Non-game mammals: Green ash woodlands provide important habitat for coyotes, weasel, red fox, and bobcat. Meadow voles were more common in ash woodlands, while deer mice and thirteen-lined ground squirrels preferred grasslands and shrublands.
Non-game birds: Green ash woodlands provide critical habitat for many species of birds that would otherwise not occur in the semi-arid Great Plains. For example, the highest total biomass and species diversity of breeding birds in McCone County, Montana was found in green ash draws. Seven raptor species rely on green ash woodlands for nesting cover in the western Dakotas. Additionally, ten song bird species that commonly occur in green ash woodlands are currently listed by the Montana Natural Heritage Program as Species of Concern because of declining populations and loss of habitat.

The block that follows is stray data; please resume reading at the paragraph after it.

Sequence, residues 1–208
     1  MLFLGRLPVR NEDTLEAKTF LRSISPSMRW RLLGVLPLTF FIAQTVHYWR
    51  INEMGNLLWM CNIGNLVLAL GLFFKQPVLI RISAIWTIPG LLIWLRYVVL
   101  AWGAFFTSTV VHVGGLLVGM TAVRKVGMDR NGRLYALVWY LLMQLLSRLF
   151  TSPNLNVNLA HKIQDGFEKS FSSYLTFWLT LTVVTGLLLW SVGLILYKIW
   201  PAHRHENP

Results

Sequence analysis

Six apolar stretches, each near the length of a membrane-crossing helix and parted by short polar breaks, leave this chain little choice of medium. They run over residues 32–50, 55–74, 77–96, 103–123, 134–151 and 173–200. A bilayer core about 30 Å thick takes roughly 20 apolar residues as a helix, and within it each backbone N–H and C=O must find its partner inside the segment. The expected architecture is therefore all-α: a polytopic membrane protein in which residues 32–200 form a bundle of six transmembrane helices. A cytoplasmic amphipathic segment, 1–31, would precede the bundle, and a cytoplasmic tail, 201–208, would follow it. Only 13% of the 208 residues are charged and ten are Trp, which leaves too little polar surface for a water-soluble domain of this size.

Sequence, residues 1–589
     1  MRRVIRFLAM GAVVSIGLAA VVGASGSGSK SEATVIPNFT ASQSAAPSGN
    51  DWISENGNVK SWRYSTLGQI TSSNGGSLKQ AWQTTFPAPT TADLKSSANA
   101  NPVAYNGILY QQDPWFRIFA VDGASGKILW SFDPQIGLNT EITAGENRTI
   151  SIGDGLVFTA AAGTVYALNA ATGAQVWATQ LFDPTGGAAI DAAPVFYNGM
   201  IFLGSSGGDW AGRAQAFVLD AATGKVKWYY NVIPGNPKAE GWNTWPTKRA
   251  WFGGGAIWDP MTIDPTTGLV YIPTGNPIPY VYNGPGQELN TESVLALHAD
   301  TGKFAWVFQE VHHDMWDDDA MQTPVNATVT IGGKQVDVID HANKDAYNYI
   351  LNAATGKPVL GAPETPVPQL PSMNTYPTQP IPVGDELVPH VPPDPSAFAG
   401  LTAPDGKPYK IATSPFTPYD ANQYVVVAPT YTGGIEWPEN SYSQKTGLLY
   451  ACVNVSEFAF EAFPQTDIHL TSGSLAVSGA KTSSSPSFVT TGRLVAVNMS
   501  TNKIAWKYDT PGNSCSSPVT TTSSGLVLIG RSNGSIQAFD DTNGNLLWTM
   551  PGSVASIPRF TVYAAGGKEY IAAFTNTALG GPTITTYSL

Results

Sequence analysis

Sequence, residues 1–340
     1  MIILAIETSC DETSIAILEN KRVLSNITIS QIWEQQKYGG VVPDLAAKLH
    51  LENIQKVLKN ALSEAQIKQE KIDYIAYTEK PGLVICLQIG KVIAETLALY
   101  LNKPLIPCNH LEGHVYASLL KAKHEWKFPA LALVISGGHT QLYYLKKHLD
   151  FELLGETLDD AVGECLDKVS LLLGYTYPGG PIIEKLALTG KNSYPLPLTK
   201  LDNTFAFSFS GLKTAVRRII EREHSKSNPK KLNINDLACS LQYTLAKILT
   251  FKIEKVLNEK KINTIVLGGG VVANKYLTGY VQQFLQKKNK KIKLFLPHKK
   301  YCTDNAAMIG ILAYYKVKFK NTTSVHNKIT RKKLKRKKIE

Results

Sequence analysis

While assessment of the economic value of green ash woodlands is limited, it is clear that this habitat supports sufficient mule deer, whitetail deer, grouse, and turkey hunting opportunities to generate approximately $9 million dollars annually for eastern Montana communities. When adjusted for inflation (www.bls.gov/data/inflation_calculator.htm) the limited economic measures suggest that green ash woodlands account for approximately $19.5 million dollars of hunting and trapping revenue each year in Montana.